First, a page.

The date palm is one of the oldest cultivated trees in the world, with evidence of domestication dating back >5,000 years. The discovery of dates in the tombs of pharaohs and in neolithic sites dating from 7,000 to 8,000 years ago demonstrates the historical significance of the species to human nutrition. Date palm trees are critical to agriculture in many hot and arid regions, and dates are the most important agricultural product of many countries in the Arabian Gulf. Total global production of dates in 2007 was 6.9 million tons (http://faostat.fao.org/ ).
However, date palm biotechnology faces many challenges, including long generation times, the inability to simply distinguish between the many varieties of date palm and the inability to distinguish female from male trees at an early stage. There are >2,000 date varieties with differences in color, flavor, shape, size and ripening time and the genetic component of gender determination is not well understood. Specifically, date palms take 5–8 years after planting to flower, the earliest point at which male and female trees can be distinguished. Especially because date palm orchards, which primarily comprise fruit-bearing female trees, can be rapidly ravished by disease, the ability to quickly replant orchards from seeds or seedlings known to be female would be of great benefit. There are no easily distinguishable sex chromosomes in date palm, despite some cytological evidence that they exist. As biochemical studies have yielded little insight into how to identify the genders of immature plants, the identification of DNA sequences or sequence polymorphisms that are gender specific offers a promising alternative to efficiently determine date palm gender.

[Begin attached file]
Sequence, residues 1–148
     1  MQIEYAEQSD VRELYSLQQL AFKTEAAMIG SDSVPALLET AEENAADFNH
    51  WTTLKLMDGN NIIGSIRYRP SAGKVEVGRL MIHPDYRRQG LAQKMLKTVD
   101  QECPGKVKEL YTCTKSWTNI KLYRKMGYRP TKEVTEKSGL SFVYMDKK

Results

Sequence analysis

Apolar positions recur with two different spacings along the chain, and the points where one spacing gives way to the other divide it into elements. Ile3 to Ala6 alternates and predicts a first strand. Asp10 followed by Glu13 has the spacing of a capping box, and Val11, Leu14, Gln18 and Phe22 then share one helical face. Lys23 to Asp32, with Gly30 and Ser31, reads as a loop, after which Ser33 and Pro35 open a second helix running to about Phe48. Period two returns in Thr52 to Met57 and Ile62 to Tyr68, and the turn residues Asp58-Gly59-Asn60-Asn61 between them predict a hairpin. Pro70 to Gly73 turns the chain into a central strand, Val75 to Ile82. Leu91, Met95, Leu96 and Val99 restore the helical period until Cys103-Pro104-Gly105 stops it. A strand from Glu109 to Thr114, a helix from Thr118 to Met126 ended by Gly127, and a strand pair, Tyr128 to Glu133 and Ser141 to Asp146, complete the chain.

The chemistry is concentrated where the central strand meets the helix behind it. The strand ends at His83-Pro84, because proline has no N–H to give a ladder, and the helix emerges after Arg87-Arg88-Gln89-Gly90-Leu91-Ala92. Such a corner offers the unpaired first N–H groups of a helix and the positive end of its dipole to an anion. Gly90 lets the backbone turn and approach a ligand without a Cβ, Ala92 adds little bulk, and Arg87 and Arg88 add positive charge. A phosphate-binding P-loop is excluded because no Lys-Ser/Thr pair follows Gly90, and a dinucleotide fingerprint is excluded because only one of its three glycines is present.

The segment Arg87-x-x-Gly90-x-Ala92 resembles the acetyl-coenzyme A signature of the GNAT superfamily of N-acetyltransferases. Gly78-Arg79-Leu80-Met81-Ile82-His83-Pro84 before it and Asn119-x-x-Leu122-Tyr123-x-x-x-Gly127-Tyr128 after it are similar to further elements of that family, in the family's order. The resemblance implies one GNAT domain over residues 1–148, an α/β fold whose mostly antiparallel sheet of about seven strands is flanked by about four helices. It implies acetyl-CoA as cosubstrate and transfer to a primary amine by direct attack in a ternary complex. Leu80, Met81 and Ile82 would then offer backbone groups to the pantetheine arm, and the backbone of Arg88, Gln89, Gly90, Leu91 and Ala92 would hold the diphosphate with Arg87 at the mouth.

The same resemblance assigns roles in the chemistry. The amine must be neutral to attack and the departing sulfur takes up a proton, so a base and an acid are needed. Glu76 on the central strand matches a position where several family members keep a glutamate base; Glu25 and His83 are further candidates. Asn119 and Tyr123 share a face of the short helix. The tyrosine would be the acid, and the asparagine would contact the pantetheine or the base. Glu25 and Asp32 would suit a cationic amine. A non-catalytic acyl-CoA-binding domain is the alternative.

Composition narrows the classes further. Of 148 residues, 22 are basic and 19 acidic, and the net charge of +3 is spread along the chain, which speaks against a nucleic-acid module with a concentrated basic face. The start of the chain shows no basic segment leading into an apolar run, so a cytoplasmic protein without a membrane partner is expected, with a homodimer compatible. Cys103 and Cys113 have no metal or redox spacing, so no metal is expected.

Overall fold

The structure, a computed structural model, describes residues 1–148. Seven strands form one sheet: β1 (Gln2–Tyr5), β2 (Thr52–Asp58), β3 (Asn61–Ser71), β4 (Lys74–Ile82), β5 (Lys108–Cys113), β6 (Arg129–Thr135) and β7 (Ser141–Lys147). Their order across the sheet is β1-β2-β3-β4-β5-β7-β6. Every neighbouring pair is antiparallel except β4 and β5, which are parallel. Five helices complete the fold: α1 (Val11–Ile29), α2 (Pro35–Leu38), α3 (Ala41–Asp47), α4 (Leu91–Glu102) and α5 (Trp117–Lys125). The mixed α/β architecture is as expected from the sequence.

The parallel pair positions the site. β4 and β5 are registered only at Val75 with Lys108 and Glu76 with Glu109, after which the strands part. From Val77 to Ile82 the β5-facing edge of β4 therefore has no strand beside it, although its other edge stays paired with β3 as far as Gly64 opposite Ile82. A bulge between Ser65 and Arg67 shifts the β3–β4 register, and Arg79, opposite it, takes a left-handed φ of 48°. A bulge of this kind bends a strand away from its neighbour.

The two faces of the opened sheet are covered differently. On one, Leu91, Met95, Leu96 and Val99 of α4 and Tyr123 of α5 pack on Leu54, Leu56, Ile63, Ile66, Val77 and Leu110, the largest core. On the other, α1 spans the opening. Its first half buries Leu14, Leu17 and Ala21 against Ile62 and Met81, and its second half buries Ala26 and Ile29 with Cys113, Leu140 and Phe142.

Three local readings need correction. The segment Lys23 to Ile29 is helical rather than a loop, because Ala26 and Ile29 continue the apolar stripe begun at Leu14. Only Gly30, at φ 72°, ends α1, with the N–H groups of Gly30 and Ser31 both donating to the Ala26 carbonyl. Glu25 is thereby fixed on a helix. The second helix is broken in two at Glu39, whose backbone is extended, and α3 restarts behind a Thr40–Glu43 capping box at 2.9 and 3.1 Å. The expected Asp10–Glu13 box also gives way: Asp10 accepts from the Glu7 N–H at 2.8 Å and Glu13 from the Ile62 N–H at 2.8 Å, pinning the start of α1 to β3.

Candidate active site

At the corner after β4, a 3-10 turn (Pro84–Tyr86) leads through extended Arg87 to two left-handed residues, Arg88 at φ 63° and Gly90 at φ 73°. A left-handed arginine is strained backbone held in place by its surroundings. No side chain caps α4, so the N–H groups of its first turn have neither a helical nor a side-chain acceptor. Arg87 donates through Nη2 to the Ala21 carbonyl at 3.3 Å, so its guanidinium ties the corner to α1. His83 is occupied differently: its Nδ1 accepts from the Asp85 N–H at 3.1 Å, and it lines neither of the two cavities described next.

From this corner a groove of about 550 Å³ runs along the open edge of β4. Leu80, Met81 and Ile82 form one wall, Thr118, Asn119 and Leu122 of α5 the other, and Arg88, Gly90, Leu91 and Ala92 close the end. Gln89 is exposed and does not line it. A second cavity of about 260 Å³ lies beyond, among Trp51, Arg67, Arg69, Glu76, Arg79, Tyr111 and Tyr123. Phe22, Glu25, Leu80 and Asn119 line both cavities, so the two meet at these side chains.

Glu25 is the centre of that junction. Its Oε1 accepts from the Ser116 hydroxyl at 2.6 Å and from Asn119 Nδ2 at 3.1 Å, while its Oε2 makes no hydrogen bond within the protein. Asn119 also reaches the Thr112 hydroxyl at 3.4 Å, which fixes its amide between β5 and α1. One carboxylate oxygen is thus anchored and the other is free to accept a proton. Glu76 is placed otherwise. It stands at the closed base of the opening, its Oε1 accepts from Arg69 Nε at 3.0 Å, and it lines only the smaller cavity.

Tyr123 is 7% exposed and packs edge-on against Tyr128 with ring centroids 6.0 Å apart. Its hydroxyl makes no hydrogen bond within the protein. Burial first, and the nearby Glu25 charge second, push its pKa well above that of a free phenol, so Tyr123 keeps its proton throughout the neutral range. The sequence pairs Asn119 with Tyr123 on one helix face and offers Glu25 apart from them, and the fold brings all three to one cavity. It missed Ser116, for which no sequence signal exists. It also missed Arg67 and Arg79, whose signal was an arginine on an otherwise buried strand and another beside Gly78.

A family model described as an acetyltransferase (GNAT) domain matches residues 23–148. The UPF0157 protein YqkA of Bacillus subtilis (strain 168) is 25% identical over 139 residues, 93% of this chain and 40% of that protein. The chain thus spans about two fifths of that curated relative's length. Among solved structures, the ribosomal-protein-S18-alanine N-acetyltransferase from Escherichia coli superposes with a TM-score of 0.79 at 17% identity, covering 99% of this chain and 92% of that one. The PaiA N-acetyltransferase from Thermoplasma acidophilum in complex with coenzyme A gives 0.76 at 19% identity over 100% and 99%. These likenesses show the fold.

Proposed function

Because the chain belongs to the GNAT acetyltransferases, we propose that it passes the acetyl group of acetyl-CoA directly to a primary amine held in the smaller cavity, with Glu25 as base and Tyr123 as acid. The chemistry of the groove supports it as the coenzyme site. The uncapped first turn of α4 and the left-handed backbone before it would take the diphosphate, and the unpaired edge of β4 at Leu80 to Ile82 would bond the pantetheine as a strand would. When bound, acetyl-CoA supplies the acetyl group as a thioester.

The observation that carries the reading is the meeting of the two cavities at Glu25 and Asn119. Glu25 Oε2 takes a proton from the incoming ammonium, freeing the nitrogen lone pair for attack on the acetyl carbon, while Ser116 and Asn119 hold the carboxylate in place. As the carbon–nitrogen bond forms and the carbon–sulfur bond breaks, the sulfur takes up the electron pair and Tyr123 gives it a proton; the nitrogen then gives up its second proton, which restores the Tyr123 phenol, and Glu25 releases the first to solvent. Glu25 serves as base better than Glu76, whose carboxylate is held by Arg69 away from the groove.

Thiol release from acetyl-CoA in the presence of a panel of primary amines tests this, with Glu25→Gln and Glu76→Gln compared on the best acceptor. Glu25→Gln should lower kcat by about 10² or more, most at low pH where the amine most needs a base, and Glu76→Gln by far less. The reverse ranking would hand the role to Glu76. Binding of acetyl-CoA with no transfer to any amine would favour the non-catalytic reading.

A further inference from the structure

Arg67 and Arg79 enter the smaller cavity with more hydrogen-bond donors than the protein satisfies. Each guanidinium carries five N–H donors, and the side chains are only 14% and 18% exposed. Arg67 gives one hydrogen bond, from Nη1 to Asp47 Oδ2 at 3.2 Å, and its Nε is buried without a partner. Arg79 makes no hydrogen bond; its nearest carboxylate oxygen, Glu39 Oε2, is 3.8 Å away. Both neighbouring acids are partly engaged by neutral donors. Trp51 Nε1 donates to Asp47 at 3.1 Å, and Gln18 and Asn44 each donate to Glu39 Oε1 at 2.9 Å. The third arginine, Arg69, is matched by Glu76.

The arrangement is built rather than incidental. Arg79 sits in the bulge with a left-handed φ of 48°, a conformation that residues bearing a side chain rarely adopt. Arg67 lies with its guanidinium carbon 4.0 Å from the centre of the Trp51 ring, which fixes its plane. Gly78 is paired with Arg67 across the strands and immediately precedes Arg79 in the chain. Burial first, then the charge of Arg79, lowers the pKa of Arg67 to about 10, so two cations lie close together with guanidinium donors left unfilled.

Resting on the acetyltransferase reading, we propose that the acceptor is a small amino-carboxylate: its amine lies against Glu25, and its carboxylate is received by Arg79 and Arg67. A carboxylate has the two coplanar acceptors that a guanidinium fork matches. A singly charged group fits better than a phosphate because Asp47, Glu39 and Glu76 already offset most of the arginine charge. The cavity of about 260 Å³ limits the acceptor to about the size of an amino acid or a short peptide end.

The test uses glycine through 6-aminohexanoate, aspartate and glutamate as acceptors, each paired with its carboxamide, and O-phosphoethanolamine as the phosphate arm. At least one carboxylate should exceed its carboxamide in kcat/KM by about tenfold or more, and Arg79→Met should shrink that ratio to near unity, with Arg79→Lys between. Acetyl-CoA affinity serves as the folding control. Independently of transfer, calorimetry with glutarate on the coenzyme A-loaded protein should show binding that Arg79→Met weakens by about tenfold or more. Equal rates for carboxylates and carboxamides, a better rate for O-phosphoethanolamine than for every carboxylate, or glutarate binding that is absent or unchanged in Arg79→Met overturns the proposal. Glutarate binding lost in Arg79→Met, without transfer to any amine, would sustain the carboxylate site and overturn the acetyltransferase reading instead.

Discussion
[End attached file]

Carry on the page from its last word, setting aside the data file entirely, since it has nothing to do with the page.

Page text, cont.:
In large part owing to its long generation time, there are few genetic resources for date palm. The most extensive is a backcrossing program initiated in California in the 1940s, which required >30 years to generate. To our knowledge, there is no publicly available physical or genetic map for the genome of any date palm, and at the outset of this project only ~100 kbp of nuclear date palm DNA sequences were found in GenBank (http://www.ncbi.nlm.nih.gov/
, March 1, 2009). To provide date palm researchers with the additional resources needed for comprehensive efforts to study and improve this important crop, we used massively parallel sequencing to assemble a draft genome sequence of date palm. Our analysis of nine varieties reveals polymorphisms that should provide an invaluable resource for the date palm community to identify ways to predict plant gender, maintain genetic diversity and improve traits such as fruit quality and ripening time.